Various logos and graphic representations have been used for NYC transit companies over the years, but the handsomest has been the interlocking “TA” used by the New York City Transit Authority in the unofficial NYC colors of orange and blue, slanted forward to give the impression of traveling at speed.
The NYC Transit Authority was created in 1953 from the old NYC Board of Transportation, which handled the IND, BMT and IRT subway lines after they were unified under one aegis in 1940 and run by the City. The NYCTA then ran the subways, els and bus lines.
In turn, the NYCTA merged with the Manhattan and Bronx Surface Transit Operating Authority (MABSTOA) in 1968 to create the Metropolitan Transit Authority, which has used various logotypes employing a large M over the years. None of them can match the old TA logo, however.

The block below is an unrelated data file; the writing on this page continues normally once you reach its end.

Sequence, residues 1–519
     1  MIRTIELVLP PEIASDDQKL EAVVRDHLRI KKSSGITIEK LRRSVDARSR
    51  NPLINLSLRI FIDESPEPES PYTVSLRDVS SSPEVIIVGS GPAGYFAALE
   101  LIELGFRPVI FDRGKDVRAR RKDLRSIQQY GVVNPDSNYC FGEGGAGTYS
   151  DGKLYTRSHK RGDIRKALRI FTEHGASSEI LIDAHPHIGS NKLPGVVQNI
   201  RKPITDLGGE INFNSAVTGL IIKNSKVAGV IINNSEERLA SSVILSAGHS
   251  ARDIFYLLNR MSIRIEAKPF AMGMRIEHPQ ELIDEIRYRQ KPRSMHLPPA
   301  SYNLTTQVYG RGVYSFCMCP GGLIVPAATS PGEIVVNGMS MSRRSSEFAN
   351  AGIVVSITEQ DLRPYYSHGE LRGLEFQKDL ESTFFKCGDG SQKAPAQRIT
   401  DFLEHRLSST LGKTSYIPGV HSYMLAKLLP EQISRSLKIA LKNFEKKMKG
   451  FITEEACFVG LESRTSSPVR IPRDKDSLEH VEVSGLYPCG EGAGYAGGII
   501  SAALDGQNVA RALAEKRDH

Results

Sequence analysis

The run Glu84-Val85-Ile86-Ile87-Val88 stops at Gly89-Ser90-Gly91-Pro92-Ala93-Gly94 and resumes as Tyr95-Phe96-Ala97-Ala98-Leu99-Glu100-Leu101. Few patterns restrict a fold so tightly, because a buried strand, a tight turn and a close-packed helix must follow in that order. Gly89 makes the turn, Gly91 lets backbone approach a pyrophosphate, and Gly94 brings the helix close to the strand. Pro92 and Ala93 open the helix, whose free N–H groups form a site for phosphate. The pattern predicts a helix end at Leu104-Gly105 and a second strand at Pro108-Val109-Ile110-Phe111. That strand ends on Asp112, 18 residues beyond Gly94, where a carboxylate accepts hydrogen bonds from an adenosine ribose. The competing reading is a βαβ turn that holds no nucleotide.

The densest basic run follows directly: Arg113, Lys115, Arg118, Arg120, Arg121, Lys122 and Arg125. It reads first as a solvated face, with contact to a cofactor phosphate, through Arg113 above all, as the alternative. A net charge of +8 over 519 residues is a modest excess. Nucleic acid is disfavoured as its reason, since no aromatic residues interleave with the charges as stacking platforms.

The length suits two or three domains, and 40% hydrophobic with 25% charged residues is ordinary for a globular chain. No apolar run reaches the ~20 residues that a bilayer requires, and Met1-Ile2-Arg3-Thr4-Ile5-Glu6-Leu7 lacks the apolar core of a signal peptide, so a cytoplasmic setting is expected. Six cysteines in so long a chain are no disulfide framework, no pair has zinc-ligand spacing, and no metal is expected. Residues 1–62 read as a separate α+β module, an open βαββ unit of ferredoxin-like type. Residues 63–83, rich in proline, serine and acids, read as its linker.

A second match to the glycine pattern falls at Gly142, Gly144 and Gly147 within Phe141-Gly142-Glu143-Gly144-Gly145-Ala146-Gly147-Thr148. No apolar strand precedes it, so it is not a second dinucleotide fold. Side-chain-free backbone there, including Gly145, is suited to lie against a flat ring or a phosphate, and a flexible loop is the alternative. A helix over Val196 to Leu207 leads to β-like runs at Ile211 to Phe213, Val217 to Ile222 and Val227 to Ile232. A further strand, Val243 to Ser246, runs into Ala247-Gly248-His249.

ForgottenFan Richard Concepcion: MaBSTOA was created as a non-civil service TA subsidiary (bearing a companion OA logo) to take over Fifth Ave.Coach along with the remaining related private Motor Coach services left in Manhattan and The Bronx in the early 1960’s. The state in 1967 then created the Metropolitan Commuter Transportation Authority to take over the Long Island Railroad from the bankrupt Pennsylvania Railroad. After the passing of the Transportation Bond Issue later that year, accompanying legislation the following year reorganized the MCTA into today’s MTA, placing the TA and MaBSTOA under their state management, along with the TBTA (Triboro Bridge & Tunnel), and in further years, also adding SIRTOA (Staten Island Rapid Transit), Penn Central’s Harlem, Hudson, & New Haven Lines) and the NY portions of the Erie-Lackawana’s Port Jervis and Pascack Valley Lines (today part of Metro North). MSBA buses in Nassau County were also added but spun off several years ago.
Nothing is as simple as it seems.